One of the Large Hadron Collider’s detectors, the Compact Muon Solenoid (CMS).
As you gather a lot when there are discussions on the topic here and elsewhere, there’s a lot of excitement and anticipation among high energy physicists about a number of things. I would go as far as to say that we are already in a very rich experimental time for results pertaining to high energy physics (or, if you insist, “fundamental physics” issues (I have in mind, for example, all the wonderful cosmological and astrophysical data that continues to come in, with more to come), and it is set to possibly get much richer – maybe even a new Golden Age with a little bit of luck – when the Large Hadron Collider starts producing results. We are really going into the (relative) unknown with this experiment, and this will be a great time to be working in the field – with a little luck, as I keep repeating.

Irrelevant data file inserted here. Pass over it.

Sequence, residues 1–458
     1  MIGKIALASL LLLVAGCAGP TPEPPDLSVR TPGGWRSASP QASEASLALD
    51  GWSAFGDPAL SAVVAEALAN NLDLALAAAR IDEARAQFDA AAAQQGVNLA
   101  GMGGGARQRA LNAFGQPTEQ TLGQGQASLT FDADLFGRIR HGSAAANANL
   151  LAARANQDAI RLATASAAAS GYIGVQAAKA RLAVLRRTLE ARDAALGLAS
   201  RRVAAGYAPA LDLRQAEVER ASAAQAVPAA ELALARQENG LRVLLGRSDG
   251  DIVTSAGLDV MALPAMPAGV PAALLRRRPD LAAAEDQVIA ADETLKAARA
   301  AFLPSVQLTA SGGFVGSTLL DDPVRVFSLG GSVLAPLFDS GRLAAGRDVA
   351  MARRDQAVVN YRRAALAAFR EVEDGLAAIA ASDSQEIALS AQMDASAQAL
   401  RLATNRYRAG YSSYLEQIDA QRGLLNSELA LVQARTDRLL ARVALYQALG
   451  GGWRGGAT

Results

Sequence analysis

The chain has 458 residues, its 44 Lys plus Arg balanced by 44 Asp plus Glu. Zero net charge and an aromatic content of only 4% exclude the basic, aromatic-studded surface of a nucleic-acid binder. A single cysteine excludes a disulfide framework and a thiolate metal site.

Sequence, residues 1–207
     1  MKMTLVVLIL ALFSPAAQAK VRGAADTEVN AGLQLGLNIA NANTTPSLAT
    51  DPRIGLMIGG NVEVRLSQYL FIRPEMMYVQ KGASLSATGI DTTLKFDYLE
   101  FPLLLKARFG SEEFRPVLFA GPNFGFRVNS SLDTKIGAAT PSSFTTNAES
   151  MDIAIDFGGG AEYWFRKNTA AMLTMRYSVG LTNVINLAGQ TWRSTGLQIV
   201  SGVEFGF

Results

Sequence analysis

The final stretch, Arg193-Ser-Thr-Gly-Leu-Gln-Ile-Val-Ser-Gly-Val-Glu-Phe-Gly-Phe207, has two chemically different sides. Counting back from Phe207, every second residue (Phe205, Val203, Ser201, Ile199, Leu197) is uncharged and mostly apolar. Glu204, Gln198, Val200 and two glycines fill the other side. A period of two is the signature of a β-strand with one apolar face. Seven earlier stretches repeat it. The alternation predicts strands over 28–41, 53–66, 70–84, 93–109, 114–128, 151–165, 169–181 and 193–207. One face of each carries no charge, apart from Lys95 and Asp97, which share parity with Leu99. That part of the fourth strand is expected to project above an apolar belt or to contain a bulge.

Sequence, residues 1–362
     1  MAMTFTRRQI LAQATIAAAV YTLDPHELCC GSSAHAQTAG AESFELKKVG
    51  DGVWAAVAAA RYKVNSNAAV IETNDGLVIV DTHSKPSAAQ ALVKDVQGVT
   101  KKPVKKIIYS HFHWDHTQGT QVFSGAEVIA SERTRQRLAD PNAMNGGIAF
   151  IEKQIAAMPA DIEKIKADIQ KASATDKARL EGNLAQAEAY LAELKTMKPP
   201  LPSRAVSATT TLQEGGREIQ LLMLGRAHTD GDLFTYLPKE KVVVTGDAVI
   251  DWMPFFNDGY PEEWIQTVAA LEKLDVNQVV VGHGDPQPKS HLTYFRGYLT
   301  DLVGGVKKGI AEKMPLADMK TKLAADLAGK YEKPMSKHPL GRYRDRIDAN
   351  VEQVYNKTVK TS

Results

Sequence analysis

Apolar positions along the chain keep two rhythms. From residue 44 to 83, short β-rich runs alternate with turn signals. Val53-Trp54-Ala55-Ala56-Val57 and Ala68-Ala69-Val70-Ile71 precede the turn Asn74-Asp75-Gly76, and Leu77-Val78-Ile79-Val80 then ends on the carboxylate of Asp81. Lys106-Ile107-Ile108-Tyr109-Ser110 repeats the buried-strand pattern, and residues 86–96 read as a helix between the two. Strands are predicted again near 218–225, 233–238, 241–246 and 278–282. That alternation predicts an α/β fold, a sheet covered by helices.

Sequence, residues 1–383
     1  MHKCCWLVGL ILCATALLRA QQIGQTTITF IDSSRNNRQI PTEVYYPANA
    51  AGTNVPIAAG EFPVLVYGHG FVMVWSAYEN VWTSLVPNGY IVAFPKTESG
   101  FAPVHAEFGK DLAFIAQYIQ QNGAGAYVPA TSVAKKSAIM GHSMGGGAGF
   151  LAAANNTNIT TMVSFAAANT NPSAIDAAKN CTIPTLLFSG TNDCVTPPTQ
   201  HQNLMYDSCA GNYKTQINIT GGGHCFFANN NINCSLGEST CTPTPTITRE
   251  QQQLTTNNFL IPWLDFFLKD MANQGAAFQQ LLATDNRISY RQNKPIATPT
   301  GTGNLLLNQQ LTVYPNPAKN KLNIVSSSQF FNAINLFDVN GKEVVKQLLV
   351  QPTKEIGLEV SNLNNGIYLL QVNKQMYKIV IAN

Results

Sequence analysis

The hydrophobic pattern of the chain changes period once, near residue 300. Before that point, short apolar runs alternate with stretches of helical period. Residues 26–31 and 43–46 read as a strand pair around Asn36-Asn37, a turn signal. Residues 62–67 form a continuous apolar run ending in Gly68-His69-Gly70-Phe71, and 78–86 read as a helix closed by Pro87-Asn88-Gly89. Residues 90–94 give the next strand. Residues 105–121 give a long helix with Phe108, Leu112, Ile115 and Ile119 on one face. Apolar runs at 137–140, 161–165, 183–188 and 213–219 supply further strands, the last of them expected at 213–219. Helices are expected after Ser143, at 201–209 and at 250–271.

A number of substantial articles have recently appeared in the general media that give you a good sense of what is going on, more reasons (and more detail) for why there is excitement, and a look at a whole lot more of these excited physicists by going directly to the mother ship – the LHC at CERN:
- To start, if you did not catch the radio pieces on NPR by David Kestenbaum, I reported on it earlier you can find them here and here. There are links to video and audio on the website… A lot of fun and informative material.
Then there were two recent print articles (with online counterparts) that might interest you:
- The first appeared last week. It is by Elizabeth Kolbert, and it is in the New Yorker. The link is here.
- The second appeared just today. It is by Dennis Overbye and is in the New York Times. The link is here.